Kyrgyzstan ratifies Uzbekistan border deal in testy parliament session
The vote took place against the backdrop of worsening repression of the opposition and activists.
Lawmakers in Kyrgyzstan have in an intensely expedited manner approved a contentious border deal with Uzbekistan that will see the latter take effective control over an important water reservoir.
Fully 64 of the 83 deputies present in the Jogorku Kenesh supported the border deal in the last of three readings all carried out on November 17, while 19 voted against, bringing a close to a session that saw ill-tempered confrontations between dissenting MPs and the head of the security services.
The vote occurred against a backdrop of dramatically worsening political freedoms in the country. Last month, dozens of opposition politicians and civil society activists were summarily jailed, ostensibly over their objection to how the border deal was being secretively rushed through parliament.
Discussions in the chamber was overseen by President Sadyr Japarov and the head of the State Committee for National Security, or GKNB, Kamchybek Tashiyev, who has been particularly deeply involved in forcing through the border agreement.
Japarov and Tashiyev pleaded with lawmakers to throw their weight behind the agreement in the interests of the state. The MPs were prompt in response – they completed all three readings of the legislation between 10 a.m. and 4 p.m.
As the voting tallies indicate, there was nominally strong support from lawmakers, although some among them – most notably opposition politician Adakhan Madumarov – insisted that outcome was achieved through coercion.
“Parliament is only considering this border issue for the first time. What we are looking at right now is unlawful,” Madumarov said. “This time will pass. Another government will come to power that will recognize that my words and those of [other] lawmakers were correct. Today’s decision will be deemed one that was adopted under pressure.”
In a report to parliament, Tashiyev said that the bilateral agreement will end with Kyrgyzstan securing a definitive claim to almost 200 square kilometers of land. Uzbekistan, meanwhile, will receive the land under the waters of the Kempir-Abad reservoir, which covers an area of 45 square kilometers.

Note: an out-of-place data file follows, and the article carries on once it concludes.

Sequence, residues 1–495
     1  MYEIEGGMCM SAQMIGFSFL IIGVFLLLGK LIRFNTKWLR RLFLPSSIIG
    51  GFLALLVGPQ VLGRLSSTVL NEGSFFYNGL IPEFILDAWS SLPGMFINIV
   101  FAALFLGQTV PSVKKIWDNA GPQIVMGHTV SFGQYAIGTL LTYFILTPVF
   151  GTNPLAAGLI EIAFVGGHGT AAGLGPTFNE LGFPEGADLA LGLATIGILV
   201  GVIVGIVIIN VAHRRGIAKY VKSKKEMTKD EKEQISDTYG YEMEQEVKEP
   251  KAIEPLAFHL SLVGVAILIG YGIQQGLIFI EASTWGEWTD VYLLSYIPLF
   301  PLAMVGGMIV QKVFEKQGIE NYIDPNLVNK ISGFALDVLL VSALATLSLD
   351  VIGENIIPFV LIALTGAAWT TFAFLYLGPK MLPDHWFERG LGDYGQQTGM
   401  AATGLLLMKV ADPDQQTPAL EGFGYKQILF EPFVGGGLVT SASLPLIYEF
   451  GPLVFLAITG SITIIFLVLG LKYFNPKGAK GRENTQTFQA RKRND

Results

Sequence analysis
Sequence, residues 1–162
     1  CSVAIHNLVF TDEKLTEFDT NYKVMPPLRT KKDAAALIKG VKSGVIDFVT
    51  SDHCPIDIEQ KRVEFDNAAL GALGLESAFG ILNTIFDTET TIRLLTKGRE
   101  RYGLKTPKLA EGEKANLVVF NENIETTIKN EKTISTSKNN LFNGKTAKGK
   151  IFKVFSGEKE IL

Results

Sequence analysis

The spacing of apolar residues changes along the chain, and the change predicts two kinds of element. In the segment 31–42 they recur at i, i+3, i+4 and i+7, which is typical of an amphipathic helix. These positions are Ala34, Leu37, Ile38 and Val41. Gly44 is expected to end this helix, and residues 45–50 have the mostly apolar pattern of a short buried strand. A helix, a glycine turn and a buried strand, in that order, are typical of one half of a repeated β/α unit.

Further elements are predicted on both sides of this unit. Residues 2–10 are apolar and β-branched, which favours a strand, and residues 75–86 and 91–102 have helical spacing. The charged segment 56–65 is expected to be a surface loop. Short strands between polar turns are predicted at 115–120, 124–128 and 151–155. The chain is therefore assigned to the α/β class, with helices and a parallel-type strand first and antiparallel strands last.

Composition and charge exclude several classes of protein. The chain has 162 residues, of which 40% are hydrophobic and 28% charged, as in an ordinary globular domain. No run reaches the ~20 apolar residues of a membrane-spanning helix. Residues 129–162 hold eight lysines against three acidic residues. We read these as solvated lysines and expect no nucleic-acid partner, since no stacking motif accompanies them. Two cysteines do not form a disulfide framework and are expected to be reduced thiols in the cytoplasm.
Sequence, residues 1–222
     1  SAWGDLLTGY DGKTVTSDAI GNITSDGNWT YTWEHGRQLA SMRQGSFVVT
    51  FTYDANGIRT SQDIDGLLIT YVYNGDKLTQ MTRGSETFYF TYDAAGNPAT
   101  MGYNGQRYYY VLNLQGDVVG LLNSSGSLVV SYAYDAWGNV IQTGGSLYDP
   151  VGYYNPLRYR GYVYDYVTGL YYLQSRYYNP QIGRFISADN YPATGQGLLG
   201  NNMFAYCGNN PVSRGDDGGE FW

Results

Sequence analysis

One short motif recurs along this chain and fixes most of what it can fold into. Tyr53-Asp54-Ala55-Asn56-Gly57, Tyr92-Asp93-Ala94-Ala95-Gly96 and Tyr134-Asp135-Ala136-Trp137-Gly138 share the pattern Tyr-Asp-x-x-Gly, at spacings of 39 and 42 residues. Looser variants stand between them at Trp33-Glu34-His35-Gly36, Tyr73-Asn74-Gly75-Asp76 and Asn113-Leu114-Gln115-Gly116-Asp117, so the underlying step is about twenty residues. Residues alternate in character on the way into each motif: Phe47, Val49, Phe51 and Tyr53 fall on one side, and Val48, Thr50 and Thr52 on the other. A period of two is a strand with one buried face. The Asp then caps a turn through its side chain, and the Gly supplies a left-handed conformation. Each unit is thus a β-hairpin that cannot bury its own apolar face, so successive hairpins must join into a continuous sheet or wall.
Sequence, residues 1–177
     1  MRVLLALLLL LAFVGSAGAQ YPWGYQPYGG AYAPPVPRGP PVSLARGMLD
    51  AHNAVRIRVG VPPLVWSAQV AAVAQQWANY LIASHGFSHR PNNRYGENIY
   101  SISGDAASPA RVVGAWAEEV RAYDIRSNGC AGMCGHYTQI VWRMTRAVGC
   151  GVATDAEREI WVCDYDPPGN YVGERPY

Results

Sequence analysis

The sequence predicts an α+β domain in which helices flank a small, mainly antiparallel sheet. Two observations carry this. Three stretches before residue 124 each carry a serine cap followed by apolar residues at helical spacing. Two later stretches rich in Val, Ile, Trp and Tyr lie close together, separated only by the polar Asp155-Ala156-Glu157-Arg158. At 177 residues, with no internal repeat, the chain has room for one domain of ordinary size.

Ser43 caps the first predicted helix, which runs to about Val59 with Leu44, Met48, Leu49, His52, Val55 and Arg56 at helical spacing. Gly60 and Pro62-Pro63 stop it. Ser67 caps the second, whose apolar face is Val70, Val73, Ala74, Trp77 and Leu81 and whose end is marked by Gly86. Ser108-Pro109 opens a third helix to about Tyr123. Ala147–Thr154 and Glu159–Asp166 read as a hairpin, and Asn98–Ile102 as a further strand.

It is the fate of Kempir-Abad that has provoked most public discomfiture in Kyrgyzstan. Communities around the body of water have voiced their concern that they could be deprived of access to the irrigation resources they need to sustain their crops. Japarov’s team insist the reservoir will be managed jointly and that there are no grounds for concern.
Unease has been exacerbated, however, by the speedy and secretive manner in which the border agreement has been rammed through parliament. Lawmakers have been denied the chance to study the full text of the document – a decision that Tashiyev has insisted was based on national security concerns.
Such mild dissent as there has been inside the mostly malleable parliament has been effectively quashed. After lawmaker Chyngyz Aidarbekov took a stand against the deal, complaining that his colleagues had not been given enough information about its contents, he was removed from his post as head of the international affairs, defense, security and migration committee.
Tashiyev told parliament that he was proud to put his name to finally resolving what he described as a “most strategic matter.”
“I am proud that by a twist of fate I have been given the opportunity to bring a close to the Kyrgyz-Uzbek border question, which has been left unsolved for hundreds of years,” Tashiyev told lawmakers, alluding to disagreements with their roots in the post-independence period of the 1990s. “And so, I hope for your support.”
The GKNB chief derided complaints over last month’s arrests of politicians and activists.
“Those were not people freely expressing their views, they were provocateurs. We will root out people who want to destabilize the country, foment unrest, and seize power,” he said. “And we will continue to do it in future.”
Tashiyev, along with his close ally Japarov, ascended to their positions in high office in October 2020 as a result of the overthrow of then-President Sooronbai Jeenbekov through a wave of rowdy and sometimes violent street protests.
The kind of aggressive testiness that brought Tashiyev to power was on full display in parliament on November 17. When one MP, Omurbek Bakirov, got up to complain of what he said were errors in how the border agreement has been ratified, and to suggest that this would be proven in the fullness of time, he got short shrift from the GKNB boss.
“What’s going to be shown in the fullness of time? Are you threatening me? Fuck you!” Tashiyev told Bakirov, who slunk away from the podium past the smirking speaker.
Ayzirek Imanaliyeva is a journalist based in Bishkek.
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